By Bob Kelley, retired RLC Sports Information Director and 2012 Hall of Fame inductee
INA, Ill. (April 15, 2019) - Pay close attention, aspiring coaches and friends of the Rend Lake College Men’s Basketball program.
The self-deprecating mastermind behind the 2012-13 National Junior College Athletic Association Division II National Champions is about to explain how he alone tediously pieced together a group of individuals who would combine to go 30-3 overall, amassing a convincing Great Rivers Athletic Conference crown along the way.
The tell-all from Randy House, ahead of the team’s induction Saturday, April 20, into the RLC Sports Hall of Fame following the mandatory five-year waiting period before becoming eligible for election . . .
•NJCAA D-II Second-Team All-America honoree Cortez Macklin, a 6-foot-3 guard from Louisville, ended up at RLC because he wanted to play with his Pleasure Ridge Park (PRP) High School teammate, Jeril Taylor. And because his prep mentor convinced House he would not be disappointed, even though Macklin had not left much of an impression on Warrior coaches when they watched him at a tryout.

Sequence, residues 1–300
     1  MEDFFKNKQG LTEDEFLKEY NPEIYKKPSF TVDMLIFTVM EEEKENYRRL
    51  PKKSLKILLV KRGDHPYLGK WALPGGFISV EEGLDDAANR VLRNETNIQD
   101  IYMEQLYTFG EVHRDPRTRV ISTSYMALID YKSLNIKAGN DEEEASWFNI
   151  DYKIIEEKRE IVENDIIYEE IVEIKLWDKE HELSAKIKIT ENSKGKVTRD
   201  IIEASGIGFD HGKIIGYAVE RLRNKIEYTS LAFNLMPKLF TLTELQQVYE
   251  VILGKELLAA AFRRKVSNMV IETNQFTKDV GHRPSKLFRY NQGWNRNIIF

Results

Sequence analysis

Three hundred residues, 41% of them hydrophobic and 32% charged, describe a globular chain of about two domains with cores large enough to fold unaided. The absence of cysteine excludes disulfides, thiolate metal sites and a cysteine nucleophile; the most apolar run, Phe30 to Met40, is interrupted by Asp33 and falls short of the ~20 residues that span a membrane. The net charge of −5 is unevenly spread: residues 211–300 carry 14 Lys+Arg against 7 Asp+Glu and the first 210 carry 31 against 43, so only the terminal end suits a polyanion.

•Local product Dawson Verhines (Woodlawn), a 6-3 sophomore playmaker, accepted an athletic grant-in-aid to play baseball at Rend Lake College.
•New Jersey prep star Noel Allen (Guttenberg / North Bergen H.S.) signed originally with Adelphi University, a National Collegiate Athletic Association D-II program in Garden City, NY. Allen was 6-5, 220, with 22.7-point, 15.2-rebound credentials as an All-Stater. But he injured his shoulder two games into his freshman season, took a medical redshirt and eventually transferred, making your typical move from Long Island to Ina, IL.